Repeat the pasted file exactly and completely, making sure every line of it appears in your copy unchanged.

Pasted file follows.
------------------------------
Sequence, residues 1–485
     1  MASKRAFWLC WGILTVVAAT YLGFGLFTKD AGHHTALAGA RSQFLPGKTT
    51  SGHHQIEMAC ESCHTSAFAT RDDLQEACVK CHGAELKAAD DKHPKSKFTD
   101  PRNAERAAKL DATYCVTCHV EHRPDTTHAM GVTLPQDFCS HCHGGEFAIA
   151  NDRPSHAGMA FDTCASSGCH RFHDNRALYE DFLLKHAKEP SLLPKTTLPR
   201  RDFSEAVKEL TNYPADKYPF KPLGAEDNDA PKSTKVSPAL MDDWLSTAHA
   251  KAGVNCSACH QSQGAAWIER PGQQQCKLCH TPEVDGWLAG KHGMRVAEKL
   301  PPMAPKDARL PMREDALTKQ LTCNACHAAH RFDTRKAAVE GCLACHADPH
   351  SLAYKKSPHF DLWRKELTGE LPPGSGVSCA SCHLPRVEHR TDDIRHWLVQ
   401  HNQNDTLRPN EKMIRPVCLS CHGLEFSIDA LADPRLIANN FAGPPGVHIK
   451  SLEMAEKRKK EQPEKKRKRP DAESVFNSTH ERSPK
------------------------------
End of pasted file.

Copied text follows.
Sequence, residues 1–485
     1  MASKRAFWLC WGILTVVAAT YLGFGLFTKD AGHHTALAGA RSQFLPGKTT
    51  SGHHQIEMAC ESCHTSAFAT RDDLQEACVK CHGAELKAAD DKHPKSKFTD
   101  PRNAERAAKL DATYCVTCHV EHRPDTTHAM GVTLPQDFCS HCHGGEFAIA
   151  NDRPSHAGMA FDTCASSGCH RFHDNRALYE DFLLKHAKEP SLLPKTTLPR
   201  RDFSEAVKEL TNYPADKYPF KPLGAEDNDA PKSTKVSPAL MDDWLSTAHA
   251  KAGVNCSACH QSQGAAWIER PGQQQCKLCH TPEVDGWLAG KHGMRVAEKL
   301  PPMAPKDARL PMREDALTKQ LTCNACHAAH RFDTRKAAVE GCLACHADPH
   351  SLAYKKSPHF DLWRKELTGE LPPGSGVSCA SCHLPRVEHR TDDIRHWLVQ
   401  HNQNDTLRPN EKMIRPVCLS CHGLEFSIDA LADPRLIANN FAGPPGVHIK
   451  SLEMAEKRKK EQPEKKRKRP DAESVFNSTH ERSPK